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ROUTE 50, 50 MPH

by

Jennifer Fields



If you could hear the wind, you would probably be a bit disturbed by its fierce howls. But you can't hear it - your windows are up and the CD player in your small, bruised Toyota is screaming Guns N' Roses, a parting gift from Nick ("Here, take this. I never listen to that shit anymore"). This is the only time you enjoy screaming. Screaming such as this is cleansing for you. For once, you're not the target; someone is actually screaming on your behalf. You definitely prefer this to the wind.

You look to your right and see Nick's flannel shirt draped over the back of the passenger seat. The shirt, worn and smelling strangely of popcorn and aftershave, has been a permanent fixture in your vehicle for almost two years now. The first time Nick rode in your car, he proclaimed, Jesus…do you always keep the heat up this high? And he removed the shirt, hung it on the seat, and looked much more comfortable in his thin t-shirt. When you brought him back home, he got out and ran up his front steps, leaving you fingering the sleeve of the shirt and saying, Hey, you forgot this to an empty car. The shirt has been there ever since and you can't understand what keeps you from getting rid of it.

 

You cruise relatively slowly along Route 50, not really paying much attention to your surroundings. All you can seem to think about is the fact that 8 days and roughly 600 miles after leaving Nick, that goddamn shirt is still in your car.

You tell yourself that you're way past the statute of limitations for wallowing in nostalgia over Nick. Maybe it's not quite accurate to refer to it in that manner; it's more like Nick was a part of yourself that you had removed. Not a crucial part, such as a limb, but rather something that had just attached itself to you and was making you ugly and unhappy…like a wart. A Nick-wart.

The sign for exit 29 suddenly looms before you. Food, Gas, Lodging it says proudly. You've been driving along Route 50 for 115 miles now and some food and coffee is looking more and more appealing. You guide your car into the right lane and take the exit. When you approach the intersection at the traffic light, your first instinct is to turn left, and you snap off the CD player, silencing Axl Rose for a time.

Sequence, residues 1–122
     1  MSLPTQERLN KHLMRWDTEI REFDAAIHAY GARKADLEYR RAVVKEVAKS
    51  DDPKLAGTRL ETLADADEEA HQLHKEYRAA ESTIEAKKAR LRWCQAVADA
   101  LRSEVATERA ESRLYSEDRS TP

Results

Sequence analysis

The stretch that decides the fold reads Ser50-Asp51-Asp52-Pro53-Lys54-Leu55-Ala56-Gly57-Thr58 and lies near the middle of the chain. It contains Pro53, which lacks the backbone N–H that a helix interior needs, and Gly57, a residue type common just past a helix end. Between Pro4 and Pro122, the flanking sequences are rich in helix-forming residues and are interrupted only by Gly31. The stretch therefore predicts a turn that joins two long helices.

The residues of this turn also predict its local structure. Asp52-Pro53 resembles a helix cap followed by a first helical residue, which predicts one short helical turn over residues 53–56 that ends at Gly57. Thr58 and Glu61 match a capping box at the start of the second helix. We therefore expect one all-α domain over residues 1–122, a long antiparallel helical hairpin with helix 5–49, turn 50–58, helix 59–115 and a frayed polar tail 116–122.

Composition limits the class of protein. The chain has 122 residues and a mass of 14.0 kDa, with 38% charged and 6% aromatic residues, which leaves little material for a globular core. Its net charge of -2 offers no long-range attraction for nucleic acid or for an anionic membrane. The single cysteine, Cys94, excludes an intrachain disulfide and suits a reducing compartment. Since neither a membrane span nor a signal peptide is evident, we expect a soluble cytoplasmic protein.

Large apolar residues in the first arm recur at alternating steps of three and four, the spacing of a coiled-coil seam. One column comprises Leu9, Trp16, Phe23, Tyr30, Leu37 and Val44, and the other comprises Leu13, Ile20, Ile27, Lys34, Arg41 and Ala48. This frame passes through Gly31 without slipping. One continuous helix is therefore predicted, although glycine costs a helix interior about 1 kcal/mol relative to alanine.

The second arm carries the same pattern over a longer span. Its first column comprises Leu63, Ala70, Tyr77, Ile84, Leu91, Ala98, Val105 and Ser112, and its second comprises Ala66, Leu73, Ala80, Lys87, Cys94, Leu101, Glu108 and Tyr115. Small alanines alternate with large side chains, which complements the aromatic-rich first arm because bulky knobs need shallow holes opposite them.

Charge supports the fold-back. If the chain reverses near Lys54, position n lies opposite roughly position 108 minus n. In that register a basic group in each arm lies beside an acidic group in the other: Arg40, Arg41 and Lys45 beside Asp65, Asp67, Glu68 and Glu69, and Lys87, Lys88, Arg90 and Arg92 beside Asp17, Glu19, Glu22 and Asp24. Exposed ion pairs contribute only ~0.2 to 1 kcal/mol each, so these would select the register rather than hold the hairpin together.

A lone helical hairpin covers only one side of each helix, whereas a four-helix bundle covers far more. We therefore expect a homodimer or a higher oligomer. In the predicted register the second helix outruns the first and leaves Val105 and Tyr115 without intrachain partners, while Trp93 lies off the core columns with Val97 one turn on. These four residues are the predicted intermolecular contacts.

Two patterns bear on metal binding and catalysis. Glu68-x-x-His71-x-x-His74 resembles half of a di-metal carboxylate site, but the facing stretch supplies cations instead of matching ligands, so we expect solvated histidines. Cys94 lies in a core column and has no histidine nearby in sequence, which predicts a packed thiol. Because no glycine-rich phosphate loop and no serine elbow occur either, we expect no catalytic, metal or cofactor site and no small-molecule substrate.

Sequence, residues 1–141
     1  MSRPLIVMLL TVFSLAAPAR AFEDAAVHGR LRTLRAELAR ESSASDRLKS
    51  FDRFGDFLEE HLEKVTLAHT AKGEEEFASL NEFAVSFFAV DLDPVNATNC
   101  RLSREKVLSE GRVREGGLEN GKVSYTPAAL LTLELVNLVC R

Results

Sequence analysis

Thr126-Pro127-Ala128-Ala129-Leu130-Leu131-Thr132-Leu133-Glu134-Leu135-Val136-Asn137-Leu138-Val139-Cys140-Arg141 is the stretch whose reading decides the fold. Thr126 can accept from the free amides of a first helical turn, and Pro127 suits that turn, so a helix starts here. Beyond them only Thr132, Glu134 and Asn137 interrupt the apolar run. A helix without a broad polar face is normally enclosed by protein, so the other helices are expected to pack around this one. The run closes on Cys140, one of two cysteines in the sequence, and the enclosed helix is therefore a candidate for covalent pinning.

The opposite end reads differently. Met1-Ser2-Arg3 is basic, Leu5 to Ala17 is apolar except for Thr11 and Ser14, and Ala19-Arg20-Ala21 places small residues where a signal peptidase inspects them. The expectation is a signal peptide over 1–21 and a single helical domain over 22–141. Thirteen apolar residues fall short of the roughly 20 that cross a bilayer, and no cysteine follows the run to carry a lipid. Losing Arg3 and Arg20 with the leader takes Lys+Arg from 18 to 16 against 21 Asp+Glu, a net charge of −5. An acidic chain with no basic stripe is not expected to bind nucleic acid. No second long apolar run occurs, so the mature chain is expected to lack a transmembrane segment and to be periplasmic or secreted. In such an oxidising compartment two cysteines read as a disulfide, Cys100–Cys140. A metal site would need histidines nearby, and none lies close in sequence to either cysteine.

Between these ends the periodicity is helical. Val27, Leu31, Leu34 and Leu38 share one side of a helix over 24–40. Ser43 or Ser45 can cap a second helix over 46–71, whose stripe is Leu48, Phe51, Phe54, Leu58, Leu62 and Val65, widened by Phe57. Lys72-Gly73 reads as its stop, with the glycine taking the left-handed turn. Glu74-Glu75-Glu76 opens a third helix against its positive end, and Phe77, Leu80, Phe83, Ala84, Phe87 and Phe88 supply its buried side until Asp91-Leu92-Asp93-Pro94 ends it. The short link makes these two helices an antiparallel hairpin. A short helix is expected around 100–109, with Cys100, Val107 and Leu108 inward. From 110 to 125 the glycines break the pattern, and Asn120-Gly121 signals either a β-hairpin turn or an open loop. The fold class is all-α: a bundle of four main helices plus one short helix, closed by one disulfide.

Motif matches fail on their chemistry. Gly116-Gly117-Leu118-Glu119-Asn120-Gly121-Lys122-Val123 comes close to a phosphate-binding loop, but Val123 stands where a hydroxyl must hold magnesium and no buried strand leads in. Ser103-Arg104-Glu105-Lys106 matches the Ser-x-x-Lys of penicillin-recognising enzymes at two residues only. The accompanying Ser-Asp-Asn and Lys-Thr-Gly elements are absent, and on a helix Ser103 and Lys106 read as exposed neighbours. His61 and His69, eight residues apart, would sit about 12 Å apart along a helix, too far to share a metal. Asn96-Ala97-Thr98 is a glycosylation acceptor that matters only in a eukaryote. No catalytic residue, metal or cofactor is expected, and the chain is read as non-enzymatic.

You pass a donut shop, a truck stop, and several fast food joints, closed long before, their doors tightly locked and windows dark. You are about to turn around and head back in the other direction when you see a small restaurant called simply The Route 50 Diner. The parking lot is virtually empty, aside from a beat-up truck and a few motorcycles. You pull in and peer through the front window where you see a few people sitting at the counter, nursing coffee. Deciding this place is as good as any, you park your car, get out, and head towards the door.

Upon your entrance, the few sitting at the counter turn around, causing their swiveling stools to squeak. The men nod at you, and then return to their coffee and conversation. One of them turns back around, pats the stool next to him, and winks at you. You immediately head for the nearest booth.

You order a cheeseburger, fries, and a coffee. The waitress who serves you looks as though she's been working here for twenty years without one break - her hair is scraggly and dirty, there are dark circles under her eyes, and her nails are grimy and bitten off. Her name tag identifies her as Maisie, and she doesn't look exactly thrilled that you're sitting at her table nor that you've ordered your cheeseburger well done. She picks up your menu, grumbles, "It'll be out in a few" and walks away, her shoulders sagging with what can only be described as defeat - the bitter revelation that all her years of living have added up to serving cheeseburgers to weary travelers.

Under normal circumstances, you enjoy people watching but none of the patrons of The Route 50 Diner are able to hold your interest for any length of time. The people here are simple - tired truck drivers taking a break from their endless routine of staring at black pavement as it rushes at them, a few more waitresses, Maisie, and a cook that looks as though he may have a nervous breakdown at any given moment. These are not the kinds of people that attract others to examine their lives.